Now, many other factors are involved in the design of a controlled element such as an aircraft, in addition to the factor of whether or not the controlled element is controllable by a pilot or selected class of operator. For example, the desired payload, speed and altitude ceiling intended for a specific aircraft affect the detail design involved, including the resulting flight dynamics or controllability of the aircraft. Similarly, in the design of a recoverable space capsule, considerations other than controllability will place design restraints upon the achievable controllability. Hence, in the optimum design of a controlled element or machine of a man-machine combination for the performance of tracking tasks, it is necessary to understand what quantitative limitations exit upon the transfer function or other describing function selected for analytically describing the self-adaptive human operator. From a consideration of such quantitative limits upon the mathematical model of the human operators tracking performance, together with the transfer function of the controlled element, the system designer is enabled to determine (by means of standard servo analysis techniques) what changes need be made in the dynamic response characteristics of the controlled element, or to predict whether or not the controlled element can be successfully employed in a man-machine combination to adequately perform the assigned tacking task.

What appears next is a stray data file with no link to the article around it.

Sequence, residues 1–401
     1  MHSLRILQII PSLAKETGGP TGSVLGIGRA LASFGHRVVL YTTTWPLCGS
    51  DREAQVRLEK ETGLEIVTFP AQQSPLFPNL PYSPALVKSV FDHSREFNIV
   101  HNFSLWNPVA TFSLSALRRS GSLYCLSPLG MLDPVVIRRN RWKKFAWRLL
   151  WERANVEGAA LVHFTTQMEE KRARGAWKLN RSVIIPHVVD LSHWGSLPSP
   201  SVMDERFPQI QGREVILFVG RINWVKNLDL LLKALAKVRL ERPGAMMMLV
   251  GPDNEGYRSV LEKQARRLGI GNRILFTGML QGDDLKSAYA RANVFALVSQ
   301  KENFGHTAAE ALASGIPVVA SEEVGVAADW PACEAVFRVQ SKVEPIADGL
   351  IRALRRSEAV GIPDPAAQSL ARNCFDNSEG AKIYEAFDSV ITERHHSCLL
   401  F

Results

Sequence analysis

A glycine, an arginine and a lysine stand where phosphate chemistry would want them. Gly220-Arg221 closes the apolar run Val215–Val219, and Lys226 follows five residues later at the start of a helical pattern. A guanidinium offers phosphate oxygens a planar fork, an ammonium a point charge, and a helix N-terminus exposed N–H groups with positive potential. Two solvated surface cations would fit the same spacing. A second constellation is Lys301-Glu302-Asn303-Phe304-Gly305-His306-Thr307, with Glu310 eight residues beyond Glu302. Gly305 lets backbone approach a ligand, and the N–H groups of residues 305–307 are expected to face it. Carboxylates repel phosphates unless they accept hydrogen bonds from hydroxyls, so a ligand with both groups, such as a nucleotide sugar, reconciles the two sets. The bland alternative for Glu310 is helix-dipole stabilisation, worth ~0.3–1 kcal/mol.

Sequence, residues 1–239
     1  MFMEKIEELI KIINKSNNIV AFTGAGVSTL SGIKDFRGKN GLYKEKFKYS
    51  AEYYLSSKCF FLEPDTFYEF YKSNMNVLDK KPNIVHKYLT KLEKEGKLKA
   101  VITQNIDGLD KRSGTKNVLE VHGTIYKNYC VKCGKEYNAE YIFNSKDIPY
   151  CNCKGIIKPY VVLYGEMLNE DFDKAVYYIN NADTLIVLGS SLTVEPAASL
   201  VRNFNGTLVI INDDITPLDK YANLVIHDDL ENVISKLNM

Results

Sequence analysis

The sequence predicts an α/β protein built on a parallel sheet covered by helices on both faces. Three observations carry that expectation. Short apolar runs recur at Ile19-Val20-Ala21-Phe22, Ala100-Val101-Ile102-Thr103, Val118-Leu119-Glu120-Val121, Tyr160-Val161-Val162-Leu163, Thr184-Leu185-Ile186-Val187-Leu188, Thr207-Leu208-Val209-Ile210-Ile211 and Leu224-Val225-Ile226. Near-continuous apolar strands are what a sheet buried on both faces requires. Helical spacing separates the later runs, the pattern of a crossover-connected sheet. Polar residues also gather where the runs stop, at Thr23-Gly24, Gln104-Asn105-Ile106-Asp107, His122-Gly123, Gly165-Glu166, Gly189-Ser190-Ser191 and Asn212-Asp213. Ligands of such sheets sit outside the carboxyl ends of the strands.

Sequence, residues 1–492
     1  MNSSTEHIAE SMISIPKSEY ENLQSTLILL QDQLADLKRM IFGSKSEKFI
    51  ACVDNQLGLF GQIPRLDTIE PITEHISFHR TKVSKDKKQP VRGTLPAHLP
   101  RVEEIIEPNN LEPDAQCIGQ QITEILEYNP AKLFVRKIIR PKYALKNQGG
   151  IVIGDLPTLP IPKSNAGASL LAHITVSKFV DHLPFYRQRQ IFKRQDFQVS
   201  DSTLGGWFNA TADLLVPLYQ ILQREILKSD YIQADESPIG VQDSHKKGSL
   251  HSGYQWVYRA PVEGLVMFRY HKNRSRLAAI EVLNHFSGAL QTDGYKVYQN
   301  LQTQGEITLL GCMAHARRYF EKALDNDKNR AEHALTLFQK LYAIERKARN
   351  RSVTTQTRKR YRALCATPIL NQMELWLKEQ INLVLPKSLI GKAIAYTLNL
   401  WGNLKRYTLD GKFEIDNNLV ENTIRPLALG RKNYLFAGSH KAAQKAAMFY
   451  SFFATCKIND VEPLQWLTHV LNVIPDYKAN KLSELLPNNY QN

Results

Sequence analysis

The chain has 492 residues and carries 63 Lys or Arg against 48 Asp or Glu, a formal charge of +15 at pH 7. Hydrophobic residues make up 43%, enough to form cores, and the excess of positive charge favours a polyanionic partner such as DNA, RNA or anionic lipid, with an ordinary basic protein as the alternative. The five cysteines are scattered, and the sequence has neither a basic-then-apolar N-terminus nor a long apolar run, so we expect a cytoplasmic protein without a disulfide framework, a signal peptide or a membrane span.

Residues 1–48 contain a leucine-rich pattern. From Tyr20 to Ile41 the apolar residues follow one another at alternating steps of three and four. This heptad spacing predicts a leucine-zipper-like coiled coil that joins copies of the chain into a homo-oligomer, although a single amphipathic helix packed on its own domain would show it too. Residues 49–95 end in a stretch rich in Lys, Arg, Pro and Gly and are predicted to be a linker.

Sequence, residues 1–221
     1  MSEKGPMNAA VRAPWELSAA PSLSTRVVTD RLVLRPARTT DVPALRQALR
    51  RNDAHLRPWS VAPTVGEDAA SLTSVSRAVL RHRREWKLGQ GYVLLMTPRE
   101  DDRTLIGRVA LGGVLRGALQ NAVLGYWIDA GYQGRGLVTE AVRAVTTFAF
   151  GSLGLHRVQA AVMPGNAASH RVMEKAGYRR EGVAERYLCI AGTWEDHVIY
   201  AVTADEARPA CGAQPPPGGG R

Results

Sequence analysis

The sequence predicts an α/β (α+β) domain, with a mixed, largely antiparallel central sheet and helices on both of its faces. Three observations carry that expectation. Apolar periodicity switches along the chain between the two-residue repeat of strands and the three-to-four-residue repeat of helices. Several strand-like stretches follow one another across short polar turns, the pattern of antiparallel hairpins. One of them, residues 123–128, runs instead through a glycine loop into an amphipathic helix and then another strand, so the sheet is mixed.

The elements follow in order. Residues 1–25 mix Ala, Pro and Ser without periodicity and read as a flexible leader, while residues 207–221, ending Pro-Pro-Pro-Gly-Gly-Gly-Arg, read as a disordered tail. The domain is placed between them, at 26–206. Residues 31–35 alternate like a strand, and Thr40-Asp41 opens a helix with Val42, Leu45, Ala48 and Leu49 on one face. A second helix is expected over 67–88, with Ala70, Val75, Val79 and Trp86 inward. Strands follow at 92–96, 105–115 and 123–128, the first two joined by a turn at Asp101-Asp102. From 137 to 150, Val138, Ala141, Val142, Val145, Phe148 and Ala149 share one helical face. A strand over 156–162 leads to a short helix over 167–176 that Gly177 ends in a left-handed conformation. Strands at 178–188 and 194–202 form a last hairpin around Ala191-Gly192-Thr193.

Accordingly, the measurement or determination of the quantitative parameters of the describing function or mathematical model of the human operator becomes of interest.
The simplest form of human operator describing function currently employed in man-machine studies is of the form (in Laplace notation):